Authorities will try to determine Saturday what caused two barges to break free on the Arkansas River in downtown Little Rock, prompting state police to shut down five bridges until inspectors determined that damage to two of them wasn't terribly serious.
The runaway barges struck the Interstate 30 bridge that connects the downtowns of Little Rock and North Little Rock on Friday night and also hit the Clinton Pedestrian Bridge, part of the cities' riverfront trail system.
"Out of an abundance of caution, the state police decided to close the highways," said Danny Straessle, a spokesman for the Arkansas Highway and Transportation Department. Two spans carrying city streets and another pedestrian also were closed after the towboat operator notified state police that he feared he had struck the bridges.
The bridges were closed for about an hour, snarling traffic along the interstate and in the River Market entertainment district on the south bank of the river.
Bill Marlow, a highway department bridge inspector, said he noted damage to a pier protection berm beneath the I-30 span but determined that the bridge itself was not harmed. A pier protector beneath a pedestrian bridge near the Clinton Presidential Library also was struck.
"They did what they were supposed to do," Marlow said.
The towboat operator caught up with the barges downstream and pushed them into the river bank before they threatened the Interstate 440 bridge about five miles downstream.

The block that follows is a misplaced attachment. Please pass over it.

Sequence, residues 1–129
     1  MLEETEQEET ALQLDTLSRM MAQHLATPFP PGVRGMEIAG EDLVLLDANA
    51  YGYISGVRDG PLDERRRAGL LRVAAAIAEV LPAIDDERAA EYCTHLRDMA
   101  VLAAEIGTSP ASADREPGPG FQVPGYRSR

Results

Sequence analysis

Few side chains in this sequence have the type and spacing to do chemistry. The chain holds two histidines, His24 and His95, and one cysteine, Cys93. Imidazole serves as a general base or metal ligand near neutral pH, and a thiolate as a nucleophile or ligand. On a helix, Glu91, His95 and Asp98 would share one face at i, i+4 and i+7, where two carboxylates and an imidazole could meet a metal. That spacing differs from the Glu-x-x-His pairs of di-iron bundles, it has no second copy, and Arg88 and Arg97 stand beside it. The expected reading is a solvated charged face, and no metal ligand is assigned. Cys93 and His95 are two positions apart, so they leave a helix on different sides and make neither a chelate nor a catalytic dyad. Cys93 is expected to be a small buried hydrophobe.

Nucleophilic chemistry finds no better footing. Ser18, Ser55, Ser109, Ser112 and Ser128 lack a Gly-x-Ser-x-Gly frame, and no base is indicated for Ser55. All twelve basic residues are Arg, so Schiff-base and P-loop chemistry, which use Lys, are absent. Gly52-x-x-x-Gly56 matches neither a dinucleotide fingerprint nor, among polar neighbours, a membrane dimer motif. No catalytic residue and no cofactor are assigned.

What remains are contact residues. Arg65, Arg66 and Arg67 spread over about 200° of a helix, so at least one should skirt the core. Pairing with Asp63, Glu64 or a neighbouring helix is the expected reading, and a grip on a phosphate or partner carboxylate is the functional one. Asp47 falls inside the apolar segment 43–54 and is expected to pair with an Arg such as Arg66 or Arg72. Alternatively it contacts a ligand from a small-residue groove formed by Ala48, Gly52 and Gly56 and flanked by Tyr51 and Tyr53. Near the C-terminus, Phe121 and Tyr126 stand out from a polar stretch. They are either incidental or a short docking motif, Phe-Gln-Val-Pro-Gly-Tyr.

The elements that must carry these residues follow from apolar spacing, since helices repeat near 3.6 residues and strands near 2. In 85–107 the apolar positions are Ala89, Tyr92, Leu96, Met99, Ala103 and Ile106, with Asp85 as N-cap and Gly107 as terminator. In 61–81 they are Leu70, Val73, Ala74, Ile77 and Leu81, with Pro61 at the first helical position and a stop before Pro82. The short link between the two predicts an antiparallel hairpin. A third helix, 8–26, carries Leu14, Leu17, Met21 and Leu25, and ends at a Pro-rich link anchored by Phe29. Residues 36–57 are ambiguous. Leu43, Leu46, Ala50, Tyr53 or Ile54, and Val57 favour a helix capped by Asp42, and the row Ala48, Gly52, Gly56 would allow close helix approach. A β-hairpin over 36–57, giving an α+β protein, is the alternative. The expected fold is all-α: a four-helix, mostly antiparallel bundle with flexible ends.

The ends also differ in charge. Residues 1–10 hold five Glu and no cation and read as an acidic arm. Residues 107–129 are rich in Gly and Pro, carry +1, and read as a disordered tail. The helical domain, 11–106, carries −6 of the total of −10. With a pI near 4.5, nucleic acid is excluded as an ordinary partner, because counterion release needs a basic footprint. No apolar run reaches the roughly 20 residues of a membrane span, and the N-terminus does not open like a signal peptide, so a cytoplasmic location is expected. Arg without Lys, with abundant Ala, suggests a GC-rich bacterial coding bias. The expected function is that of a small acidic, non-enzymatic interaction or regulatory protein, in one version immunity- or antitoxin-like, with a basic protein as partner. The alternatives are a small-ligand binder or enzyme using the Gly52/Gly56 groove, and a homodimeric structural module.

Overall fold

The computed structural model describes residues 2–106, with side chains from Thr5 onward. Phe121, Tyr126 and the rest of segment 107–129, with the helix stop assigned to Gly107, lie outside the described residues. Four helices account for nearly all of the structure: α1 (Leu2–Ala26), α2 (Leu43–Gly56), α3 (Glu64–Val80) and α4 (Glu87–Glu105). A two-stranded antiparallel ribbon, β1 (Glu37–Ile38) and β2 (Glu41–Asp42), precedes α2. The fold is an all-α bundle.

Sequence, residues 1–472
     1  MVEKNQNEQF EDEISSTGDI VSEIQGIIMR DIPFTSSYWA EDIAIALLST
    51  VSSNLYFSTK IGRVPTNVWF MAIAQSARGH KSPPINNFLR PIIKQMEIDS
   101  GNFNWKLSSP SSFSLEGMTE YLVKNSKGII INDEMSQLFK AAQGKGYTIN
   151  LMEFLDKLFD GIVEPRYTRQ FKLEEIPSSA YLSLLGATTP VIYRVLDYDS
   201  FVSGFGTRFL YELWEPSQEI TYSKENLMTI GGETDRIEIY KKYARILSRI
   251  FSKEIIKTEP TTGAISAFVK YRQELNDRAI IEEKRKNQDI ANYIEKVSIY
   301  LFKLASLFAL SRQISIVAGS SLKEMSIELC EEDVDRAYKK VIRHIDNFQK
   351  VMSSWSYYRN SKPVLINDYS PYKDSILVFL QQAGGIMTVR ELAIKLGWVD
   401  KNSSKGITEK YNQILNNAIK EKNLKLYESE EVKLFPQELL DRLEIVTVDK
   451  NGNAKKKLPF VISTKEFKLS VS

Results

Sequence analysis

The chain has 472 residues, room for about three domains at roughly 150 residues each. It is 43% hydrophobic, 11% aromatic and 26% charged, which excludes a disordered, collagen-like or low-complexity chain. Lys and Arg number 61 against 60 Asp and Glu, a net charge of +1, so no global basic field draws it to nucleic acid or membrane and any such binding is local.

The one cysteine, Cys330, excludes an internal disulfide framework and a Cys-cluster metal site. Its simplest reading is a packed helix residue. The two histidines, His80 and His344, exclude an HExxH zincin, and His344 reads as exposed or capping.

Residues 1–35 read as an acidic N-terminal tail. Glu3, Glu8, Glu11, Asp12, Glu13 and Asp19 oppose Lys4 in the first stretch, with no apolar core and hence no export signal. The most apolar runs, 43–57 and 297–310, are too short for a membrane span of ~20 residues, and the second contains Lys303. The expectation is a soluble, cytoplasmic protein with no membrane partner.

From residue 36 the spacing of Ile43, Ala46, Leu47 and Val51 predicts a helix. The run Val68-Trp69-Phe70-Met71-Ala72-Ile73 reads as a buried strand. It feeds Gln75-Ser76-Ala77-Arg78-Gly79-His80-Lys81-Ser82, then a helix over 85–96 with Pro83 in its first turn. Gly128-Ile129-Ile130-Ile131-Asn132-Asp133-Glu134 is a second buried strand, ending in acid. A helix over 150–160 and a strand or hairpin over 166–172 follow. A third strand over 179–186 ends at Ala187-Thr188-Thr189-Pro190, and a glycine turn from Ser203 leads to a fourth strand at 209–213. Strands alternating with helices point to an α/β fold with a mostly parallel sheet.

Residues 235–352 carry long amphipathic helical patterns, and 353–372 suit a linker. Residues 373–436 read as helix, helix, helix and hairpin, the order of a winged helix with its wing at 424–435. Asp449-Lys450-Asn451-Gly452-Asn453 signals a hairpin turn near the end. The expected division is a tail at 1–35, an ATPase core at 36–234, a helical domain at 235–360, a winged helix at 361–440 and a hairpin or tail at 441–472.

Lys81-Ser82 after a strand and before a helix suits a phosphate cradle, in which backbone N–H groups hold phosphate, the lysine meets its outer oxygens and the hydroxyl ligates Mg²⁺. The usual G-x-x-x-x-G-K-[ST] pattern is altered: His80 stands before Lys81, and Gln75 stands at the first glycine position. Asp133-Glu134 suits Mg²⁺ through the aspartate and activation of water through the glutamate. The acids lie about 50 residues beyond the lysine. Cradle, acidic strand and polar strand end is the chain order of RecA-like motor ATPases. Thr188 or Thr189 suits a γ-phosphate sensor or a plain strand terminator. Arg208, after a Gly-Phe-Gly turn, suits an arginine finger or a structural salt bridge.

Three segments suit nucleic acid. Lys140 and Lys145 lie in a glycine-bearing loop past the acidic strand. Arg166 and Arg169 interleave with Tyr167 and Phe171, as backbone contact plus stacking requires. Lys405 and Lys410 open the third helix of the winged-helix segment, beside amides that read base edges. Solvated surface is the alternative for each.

The barges got loose at around 8:30 p.m., well after the evening rush.
No injuries were reported.
Typically three or four towboats go through the city daily, according to Gene Higginbotham, the executive director of the Arkansas Waterways Commission. He said typical river traffic on a Friday night would be recreational boaters, but a small-craft advisory was posted at the North Little Rock boat ramp, leaving social traffic lighter than usual.
Battalion Chief Roger Robinson of the North Little Rock Fire Department said the barges were carrying coal, wheat and fly ash, a waste product from burning coal. The Federal Highway Administration says fly ash can be used in concrete.
Robinson said the towboat operator and another operator had wrangled the barges and were working to reconnect them to the tow, and could not be reached for comment.